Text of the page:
If men are to reclaim our culture for Christ and family, we would do well to find the best of what has gone before. One of the most important things we can do is read great books of men who have come before and learn from them what it is to truly be men, the kind of men God would have us to be as well as the kind of men to whom women naturally wish to submit and follow. So I suggest here a partial reading list, which is only a beginning, and welcome suggestions for additions.
- The Holy Bible, King James Version. If nothing else, any man who wishes to redeem the times must read this. Simply to read it is not enough, however. Passages, even extended passages, whole psalms and various lessons on doctrines should be committed to memory. Additionally, we should pray for wisdom as we read, knowing that the devil was able to quote scripture, albeit with misapplication and evil intent. Paul tells us to study to show ourselves workmen approved unto God, while James reminds us that if we pray for wisdom God will give abundantly above all that we ask. Both men were inspired by the Holy Spirit, thus study for knowledge and prayer for wisdom are both necessary aspects of our growth. This is the sword with which we reclaim lost souls from the enemy
- The Last Stand of the Tin Can Sailors, by James D. Hornfischer. Outside of scripture, I have never read a book which so eloquently and vividly portrays the masculine virtues. Courage, honor, love of country, discipline, fortitude and an indomitable will to persevere against impossible odds, all in a true story. The scene where pilot “Blue” Archer flies across the top of a Japanese battleship, with his plane inverted and canopy open, firing at the bridge with a .38 revolver because his bombs and machine guns have all been emptied is worth the read alone, yet it is only one small segment. To see what we once were, what we have lost and to imagine how we might yet regain it makes this book a must read.
- Death in the Long Grass, by Peter Hathaway Capstick. A riotously entertaining and allegedly true account of the adventures of an itinerant big game hunter, guide, game ranger and magazine writer as he tries to find a way to get himself killed by virtually every living terrestrial critter on the face of the planet. Men being men, doing manly things together, not for money or power, but just for the sheer joy of testing themselves against their physical and mental limits is Capstick’s stock in trade. Yet it is not simply a bloody minded need to kill; Capstick lived by a code of honor both towards his camp followers, his clients and the animals he hunted. No fictional short story you will ever read is as chilling yet melancholy as The Killer Baboons of Vlakfontein, although I am not sure if that appears in the first of the “Death” books or one of the later entries. Read them all, then explain to me why you don’t have a few firearms and a hunting license.
- Meditations on Violence and Facing Violence by Rory Miller. If you are going to be a leader you must also be a protector, and these two books are indispensable to understanding how predators see you and how you should see them. Miller’s resume is nearly unrivaled when it comes to hands on dealing with society’s scum, and the lessons he learned from decades of training and fighting could mean the difference between life, death and prison for a man who has to protect himself and his family.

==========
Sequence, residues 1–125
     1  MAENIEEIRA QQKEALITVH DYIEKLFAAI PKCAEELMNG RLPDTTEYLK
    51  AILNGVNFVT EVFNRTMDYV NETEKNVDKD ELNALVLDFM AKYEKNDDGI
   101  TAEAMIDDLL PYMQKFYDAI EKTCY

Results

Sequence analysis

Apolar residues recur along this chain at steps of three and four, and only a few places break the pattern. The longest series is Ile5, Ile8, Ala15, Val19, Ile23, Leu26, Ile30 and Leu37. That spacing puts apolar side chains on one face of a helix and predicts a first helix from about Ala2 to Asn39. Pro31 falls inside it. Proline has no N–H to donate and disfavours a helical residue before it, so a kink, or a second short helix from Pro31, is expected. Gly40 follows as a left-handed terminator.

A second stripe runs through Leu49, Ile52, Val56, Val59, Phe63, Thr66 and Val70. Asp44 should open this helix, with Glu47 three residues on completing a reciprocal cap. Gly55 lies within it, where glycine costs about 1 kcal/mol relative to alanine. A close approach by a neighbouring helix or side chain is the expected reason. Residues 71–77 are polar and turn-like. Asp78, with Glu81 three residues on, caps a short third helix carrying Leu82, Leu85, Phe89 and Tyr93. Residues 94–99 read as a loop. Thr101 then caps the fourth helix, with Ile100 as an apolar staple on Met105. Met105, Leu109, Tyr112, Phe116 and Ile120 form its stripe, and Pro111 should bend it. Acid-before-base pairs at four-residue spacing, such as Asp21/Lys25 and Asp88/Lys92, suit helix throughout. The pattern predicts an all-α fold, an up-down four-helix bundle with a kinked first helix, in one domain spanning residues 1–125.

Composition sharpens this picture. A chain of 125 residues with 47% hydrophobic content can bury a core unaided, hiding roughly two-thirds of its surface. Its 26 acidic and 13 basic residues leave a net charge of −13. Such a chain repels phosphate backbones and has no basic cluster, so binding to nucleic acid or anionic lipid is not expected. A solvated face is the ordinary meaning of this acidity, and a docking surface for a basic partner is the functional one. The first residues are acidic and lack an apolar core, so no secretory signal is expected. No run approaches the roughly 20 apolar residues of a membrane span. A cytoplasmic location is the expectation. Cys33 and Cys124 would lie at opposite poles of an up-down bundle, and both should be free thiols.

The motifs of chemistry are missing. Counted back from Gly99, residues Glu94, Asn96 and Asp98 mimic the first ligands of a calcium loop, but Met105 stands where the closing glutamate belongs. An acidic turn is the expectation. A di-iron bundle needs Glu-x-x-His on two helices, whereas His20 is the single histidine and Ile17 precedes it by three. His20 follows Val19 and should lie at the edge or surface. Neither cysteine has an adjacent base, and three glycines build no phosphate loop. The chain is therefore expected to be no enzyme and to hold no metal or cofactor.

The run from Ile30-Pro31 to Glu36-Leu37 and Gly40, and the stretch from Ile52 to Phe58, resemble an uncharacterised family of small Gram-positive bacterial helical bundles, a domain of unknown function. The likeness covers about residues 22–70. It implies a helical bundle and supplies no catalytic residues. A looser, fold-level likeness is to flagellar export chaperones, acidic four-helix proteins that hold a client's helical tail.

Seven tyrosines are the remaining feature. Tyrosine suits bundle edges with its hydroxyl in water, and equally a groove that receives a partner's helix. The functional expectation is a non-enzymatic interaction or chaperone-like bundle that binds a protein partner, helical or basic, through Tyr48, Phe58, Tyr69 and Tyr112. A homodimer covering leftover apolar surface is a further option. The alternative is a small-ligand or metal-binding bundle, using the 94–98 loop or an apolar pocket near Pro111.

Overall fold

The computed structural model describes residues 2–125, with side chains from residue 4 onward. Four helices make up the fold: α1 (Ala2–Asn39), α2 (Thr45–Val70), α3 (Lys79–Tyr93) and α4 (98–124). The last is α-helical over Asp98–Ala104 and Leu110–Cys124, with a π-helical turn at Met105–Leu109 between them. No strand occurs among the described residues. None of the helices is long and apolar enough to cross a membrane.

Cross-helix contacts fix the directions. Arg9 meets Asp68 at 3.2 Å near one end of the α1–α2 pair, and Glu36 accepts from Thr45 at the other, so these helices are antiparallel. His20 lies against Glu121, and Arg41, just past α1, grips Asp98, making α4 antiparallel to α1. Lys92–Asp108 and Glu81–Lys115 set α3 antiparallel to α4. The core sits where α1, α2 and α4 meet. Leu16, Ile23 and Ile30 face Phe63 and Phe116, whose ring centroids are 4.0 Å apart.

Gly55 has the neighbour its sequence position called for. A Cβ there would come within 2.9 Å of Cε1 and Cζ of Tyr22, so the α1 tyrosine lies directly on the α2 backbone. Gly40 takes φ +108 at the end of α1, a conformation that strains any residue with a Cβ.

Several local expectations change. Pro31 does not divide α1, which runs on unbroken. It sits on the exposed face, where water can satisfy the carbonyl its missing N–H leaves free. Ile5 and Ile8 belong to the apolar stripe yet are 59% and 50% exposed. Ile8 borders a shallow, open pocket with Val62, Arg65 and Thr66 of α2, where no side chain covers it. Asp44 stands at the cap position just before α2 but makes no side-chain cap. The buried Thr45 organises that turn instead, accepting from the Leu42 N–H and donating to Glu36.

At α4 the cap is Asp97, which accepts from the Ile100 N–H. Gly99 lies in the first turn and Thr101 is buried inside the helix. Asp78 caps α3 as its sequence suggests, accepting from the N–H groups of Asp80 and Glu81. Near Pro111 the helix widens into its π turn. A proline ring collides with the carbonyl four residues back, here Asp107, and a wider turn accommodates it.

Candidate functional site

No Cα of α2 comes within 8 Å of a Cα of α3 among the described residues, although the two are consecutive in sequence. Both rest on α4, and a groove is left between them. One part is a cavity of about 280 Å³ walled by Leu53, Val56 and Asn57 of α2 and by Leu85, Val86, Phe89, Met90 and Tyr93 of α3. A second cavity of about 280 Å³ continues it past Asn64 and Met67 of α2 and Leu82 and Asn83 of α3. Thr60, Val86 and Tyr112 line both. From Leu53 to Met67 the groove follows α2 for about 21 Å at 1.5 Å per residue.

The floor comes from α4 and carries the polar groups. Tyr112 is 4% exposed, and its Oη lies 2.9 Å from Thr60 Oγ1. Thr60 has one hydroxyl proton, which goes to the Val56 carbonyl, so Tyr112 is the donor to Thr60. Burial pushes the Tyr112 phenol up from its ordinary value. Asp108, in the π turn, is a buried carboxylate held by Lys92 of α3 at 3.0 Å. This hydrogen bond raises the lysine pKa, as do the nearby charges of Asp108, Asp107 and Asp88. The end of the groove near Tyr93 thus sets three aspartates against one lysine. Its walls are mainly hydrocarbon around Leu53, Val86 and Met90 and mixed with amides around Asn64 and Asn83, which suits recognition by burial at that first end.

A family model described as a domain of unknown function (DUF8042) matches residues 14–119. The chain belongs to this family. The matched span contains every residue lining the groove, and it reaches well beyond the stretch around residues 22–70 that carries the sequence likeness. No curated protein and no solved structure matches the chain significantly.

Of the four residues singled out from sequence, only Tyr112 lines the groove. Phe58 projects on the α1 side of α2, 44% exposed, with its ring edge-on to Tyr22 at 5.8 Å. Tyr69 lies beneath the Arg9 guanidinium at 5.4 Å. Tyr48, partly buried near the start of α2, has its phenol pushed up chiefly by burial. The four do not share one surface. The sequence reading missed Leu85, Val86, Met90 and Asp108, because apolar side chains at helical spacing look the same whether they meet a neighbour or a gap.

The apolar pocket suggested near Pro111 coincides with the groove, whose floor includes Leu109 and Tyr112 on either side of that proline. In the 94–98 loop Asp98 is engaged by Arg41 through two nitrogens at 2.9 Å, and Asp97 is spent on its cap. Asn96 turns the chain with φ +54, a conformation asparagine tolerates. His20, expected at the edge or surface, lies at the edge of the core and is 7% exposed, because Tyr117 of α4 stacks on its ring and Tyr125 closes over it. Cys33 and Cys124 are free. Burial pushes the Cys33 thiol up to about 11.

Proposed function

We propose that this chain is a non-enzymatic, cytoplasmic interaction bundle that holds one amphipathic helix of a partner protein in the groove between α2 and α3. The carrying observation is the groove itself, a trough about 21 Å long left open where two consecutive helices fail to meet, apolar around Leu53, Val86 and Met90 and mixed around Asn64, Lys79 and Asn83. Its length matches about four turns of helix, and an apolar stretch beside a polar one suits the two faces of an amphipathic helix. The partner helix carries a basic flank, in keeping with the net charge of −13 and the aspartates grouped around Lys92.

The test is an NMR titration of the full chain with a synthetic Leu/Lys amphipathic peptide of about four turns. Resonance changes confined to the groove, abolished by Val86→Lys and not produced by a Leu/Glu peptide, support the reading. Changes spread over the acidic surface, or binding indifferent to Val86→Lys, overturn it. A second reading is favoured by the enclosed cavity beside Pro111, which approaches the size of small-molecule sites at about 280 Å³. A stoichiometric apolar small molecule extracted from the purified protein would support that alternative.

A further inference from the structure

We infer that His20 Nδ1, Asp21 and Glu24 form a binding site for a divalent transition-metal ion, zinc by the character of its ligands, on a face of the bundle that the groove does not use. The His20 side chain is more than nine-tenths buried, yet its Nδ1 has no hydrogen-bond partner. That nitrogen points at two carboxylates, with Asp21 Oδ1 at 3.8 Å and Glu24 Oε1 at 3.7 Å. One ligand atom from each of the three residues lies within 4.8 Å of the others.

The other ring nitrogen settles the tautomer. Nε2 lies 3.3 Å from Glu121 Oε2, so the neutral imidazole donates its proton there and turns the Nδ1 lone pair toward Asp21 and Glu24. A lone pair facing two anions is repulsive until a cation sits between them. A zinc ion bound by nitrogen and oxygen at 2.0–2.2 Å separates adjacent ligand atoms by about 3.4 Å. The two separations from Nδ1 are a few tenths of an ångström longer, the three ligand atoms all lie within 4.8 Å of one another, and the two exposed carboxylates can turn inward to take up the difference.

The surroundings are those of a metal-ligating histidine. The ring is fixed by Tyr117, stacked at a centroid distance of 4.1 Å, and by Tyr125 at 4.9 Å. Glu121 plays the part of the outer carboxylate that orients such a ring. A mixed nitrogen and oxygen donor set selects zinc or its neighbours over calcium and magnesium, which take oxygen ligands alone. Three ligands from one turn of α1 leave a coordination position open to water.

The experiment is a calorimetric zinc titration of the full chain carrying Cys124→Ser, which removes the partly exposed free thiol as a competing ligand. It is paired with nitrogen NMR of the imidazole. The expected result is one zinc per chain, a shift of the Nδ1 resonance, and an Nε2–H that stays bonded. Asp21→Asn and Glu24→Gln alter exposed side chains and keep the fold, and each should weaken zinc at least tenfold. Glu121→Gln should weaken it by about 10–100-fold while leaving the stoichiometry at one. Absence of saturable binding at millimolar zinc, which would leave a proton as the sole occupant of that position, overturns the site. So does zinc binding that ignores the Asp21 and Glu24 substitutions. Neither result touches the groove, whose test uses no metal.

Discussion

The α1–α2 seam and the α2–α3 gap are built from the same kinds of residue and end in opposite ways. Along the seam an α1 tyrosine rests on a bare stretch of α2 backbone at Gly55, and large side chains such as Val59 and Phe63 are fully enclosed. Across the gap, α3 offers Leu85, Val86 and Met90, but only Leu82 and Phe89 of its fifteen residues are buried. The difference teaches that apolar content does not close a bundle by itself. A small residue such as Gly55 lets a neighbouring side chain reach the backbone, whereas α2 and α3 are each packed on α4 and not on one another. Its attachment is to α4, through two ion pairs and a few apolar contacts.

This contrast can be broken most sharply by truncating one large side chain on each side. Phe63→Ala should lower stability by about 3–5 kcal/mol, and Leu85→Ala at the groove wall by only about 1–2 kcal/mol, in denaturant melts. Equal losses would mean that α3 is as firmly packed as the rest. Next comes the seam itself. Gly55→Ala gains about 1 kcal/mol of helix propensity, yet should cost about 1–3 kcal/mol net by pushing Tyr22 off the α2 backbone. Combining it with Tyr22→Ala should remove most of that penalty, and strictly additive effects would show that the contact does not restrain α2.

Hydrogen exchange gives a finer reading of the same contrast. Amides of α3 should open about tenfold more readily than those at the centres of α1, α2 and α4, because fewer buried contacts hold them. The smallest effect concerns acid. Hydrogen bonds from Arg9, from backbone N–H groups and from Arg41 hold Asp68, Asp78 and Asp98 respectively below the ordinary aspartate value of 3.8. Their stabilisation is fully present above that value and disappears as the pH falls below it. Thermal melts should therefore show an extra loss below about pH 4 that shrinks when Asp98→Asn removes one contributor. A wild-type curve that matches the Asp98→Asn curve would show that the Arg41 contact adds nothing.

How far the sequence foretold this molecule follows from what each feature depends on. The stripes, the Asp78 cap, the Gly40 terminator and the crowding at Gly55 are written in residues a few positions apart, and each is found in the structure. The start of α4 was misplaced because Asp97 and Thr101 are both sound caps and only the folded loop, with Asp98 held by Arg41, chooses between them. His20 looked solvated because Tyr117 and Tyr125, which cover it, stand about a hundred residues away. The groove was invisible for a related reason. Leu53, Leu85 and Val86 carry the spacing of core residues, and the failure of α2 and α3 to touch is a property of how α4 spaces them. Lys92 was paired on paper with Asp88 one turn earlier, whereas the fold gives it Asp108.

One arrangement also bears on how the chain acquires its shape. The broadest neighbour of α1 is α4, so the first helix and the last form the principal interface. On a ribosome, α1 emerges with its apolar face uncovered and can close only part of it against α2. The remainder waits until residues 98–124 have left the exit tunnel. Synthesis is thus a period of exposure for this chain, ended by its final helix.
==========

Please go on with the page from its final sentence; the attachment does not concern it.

- The Last Guardian of Everness and Mists of Everness by John C. Wright. Wright reminds us of our own American mythology with its unique heroes. It’s high fantasy set in the modern age, a return of the age of heroes and monsters. Wright has much to say about the nature of heroes and how even the most ordinary of men can make a difference for good. As a bonus, the corruption of law enforcement by demonic impersonators (who are then brought to heel by a military still loyal to the republic) seems prescient today.
- The Wizard Knight by Gene Wolfe. There is no true heroism without suffering, as Sir Abel learns many times. But he perseveres, and discovers that though he is betrayed by those he serves and cruelly tormented love and faith can bring him victory. Since we are discussing redemption this work is especially important, as Abel’s loyalty and honor allow him to redeem even evil rulers who betrayed him as well as the elven princess he loves. Abel is not alone in this, in the books we encounter various characters who endure great suffering and hardship for the sake of honor and love, and with Abel’s assistance they are redeemed (sometimes in the literal sense of the original word) from terrible suffering and redeem others as well.
Okay, I think I’ll leave off there for now. More later, Lord willing.
Evil is ascendant. It will not last…. https://theothermccain.com/2022/09/07/suspect-in-memphis-womans-murder-began-his-criminal-career-at-age-11/
The links must flow…. https://theothermccain.com/2022/09/07/in-the-mailbox-09-06-22-evening-edition/
The Dirty Baker’s Dozen….. https://sigmaframe.wordpress.com/2022/09/07/harbingers-of-masculine-doom/
Don’t be attached to material things… https://pushingrubberdownhill.com/2022/09/06/this-vagabond-life/
More good fiction for free…. https://www.scifiwright.com/2022/09/the-intangible-design-sixth-the-unconquerable/